Any outdoor dining licence (tables and chairs) encroaching on legal road would be limited to a maximum of 4 metres from the building’s façade to enable the movement of emergency vehicles, and maintain safe pedestrian access.   An outdoor dining licence is not part of the current process.

Structures on Roads Policy

The Council’s ‘Policy on Structures on Roads 2010’ (“the Policy”) applies to this application

This application is inconsistent with the Policy in the following respects:

  1. Paragraph 2.2 (the horizontal projection exceeds 1m); and
  2. Paragraph 3.3. (the columns will require foundations, but only seismic movement trenches are permitted in the subsoil); and
  3. Paragraph 3.5 (there may be other practical options available to the applicant).

Despite these inconsistencies with the Policy, the Council is able to depart from the Policy and grant the application if appropriate using the procedure in section 80 of the Local Government Act 2002.

Why consult on the encroachment of the building on legal road when the building already has a resource consent?

 While a resource consent has been issued for the proposed building, this does not have the effect of authorising the proposed encroachment of the building over the legal road. This requires a separate decision from the Council as owner of the legal road. Public consultation is required to meet the Council's legal obligation under the Local Government Act to consider the views and preferences of interested or affected persons.

Process  

  1. Application from the owner to encroach on legal road
  2. Public consultation in accordance with the Local Government Act
  3. Report to the Infrastructure, Transport and Environment Committee reviewing the proposal, the consultation outcomes and the Policy
  4. The Infrastructure, Transport and Environment Committee makes recommendations to full Council
  5. Decision by the Council.

Trees

Three street trees (Common Lime Tilia x europaea) grow in planters on the southern boundary of 99 Cathedral Square, opposite the proposed canopy for 9 Cathedral Square.

Trees in front of the canopy

The status of these trees has been assessed by a Council arborist who states that:

“The trees will require clearance pruning for the proposed verandah during construction, and for ongoing maintenance and use of the site.”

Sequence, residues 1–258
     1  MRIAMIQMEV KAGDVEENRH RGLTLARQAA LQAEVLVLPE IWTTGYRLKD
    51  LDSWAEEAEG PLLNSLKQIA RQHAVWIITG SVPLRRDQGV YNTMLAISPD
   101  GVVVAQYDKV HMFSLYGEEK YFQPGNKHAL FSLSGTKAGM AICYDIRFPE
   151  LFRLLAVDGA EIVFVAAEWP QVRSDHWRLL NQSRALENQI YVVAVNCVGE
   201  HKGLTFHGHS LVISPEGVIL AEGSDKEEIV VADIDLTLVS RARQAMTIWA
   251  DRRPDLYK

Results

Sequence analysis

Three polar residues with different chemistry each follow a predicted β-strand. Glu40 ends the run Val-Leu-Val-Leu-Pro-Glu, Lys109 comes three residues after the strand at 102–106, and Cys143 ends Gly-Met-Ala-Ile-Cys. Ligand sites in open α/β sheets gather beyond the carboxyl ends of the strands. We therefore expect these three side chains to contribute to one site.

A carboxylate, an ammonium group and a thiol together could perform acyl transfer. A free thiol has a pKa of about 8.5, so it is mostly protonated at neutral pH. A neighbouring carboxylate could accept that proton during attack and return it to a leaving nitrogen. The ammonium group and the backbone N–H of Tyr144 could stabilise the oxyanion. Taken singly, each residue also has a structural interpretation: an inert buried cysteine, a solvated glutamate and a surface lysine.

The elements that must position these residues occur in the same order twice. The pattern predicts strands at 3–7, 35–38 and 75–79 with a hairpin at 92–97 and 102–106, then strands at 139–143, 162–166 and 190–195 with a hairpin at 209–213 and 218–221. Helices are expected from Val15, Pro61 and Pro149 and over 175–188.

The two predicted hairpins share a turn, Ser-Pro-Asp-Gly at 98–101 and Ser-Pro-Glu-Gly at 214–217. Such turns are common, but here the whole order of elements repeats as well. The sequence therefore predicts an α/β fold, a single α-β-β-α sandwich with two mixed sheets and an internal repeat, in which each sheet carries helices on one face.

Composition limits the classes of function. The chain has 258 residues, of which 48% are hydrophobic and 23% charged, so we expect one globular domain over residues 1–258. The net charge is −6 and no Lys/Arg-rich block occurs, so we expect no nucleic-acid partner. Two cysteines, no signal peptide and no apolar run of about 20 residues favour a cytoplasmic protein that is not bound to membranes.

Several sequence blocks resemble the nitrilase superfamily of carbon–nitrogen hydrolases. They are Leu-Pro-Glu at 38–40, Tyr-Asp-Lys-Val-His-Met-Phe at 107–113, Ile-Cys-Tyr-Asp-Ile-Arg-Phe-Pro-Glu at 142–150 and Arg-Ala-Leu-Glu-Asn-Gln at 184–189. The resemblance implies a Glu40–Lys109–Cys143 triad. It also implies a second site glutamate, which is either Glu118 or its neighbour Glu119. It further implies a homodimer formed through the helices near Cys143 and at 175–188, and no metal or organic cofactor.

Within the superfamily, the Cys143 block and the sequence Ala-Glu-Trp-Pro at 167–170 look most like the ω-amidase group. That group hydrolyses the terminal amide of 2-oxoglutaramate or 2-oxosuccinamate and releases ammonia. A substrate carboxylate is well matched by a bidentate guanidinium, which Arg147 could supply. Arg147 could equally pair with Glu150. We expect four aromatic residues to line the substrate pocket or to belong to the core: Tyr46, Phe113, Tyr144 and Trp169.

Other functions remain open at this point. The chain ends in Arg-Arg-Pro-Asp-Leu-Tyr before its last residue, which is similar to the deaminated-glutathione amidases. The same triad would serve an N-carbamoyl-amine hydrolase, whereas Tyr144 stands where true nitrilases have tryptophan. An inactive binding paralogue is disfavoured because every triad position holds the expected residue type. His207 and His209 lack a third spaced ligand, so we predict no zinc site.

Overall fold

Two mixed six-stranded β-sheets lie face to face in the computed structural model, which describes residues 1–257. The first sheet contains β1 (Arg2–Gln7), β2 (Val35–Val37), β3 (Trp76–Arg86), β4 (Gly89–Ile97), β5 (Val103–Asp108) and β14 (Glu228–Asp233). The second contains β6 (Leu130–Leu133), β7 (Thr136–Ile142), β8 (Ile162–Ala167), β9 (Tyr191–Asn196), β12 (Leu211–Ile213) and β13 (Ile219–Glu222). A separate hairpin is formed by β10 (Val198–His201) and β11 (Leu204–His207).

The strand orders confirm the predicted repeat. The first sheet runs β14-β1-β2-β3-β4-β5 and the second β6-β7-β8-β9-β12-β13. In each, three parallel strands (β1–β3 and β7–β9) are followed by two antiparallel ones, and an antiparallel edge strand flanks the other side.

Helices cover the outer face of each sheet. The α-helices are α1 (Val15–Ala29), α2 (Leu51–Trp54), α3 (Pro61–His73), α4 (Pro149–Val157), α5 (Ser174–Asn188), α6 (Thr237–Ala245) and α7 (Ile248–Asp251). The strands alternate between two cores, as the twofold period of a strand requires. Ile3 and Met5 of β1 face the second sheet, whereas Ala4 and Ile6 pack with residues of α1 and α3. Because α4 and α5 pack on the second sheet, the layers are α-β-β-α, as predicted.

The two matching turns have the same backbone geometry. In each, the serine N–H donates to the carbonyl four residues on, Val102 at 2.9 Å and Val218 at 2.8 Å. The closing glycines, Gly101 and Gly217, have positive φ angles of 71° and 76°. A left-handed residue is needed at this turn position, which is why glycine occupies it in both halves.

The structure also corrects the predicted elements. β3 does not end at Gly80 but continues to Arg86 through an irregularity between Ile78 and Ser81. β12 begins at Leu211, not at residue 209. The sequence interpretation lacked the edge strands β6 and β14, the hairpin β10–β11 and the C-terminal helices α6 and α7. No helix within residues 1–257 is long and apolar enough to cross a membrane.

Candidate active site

The arborist reports that these trees are not fully grown and could develop to twice their current size. They have also the issues of autumnal leaf litter and the possibility other tree debris falling onto the canopy or patrons of the café. The arborist recommends that:

“The potential adverse effects on the development of the trees (and potential loss of contribution to the amenity of the site) and the potential increase in costs of tree maintenance have not been quantified, but should be assessed as part of the application.”

These trees are considered as part of the heritage fabric of Cathedral Square and there is no indication they are unhealthy.

The trees also provide a valuable area of shade and shelter for users of the Square.

The applicant will be responsible for additional tree maintenance costs.

Heritage and design

Cathedral Square is designated as a Highly Significant heritage Item and Heritage Setting in the Christchurch District Plan.

The Council's Urban Design Panel generally welcomes the design of the landmark project. It supports the proposed changes in Cathedral Square, provided this area remains in the public realm and public access is not impeded. The panel says the building should retain the Square’s historic (cruciform) shape by emphasising the edge through the use of paving and threshold treatments.

Advantages of using public space for the building

  • Facilitates an architecturally significant building in Cathedral Square
  • The site remains legal road and allows for pedestrian movements
  • Maintains mobility access, and access for people with buggies, etc
  • Creates an area for outdoor refreshments
  • Minimal cost option for the Council.

Disadvantages of using public space for the building

  • Encroachment of the columns and canopy, combined with the transparent building wall, results in the potential to blur the unique cruciform shape of Cathedral Square.
  • Requires pruning of the three lime trees bordering the site during construction and to accommodate the canopy.  This cost will be covered by the applicant. A Council arborist says the building could have a significant effect on these trees.
  • The seven columns create a partial barrier on the legal road.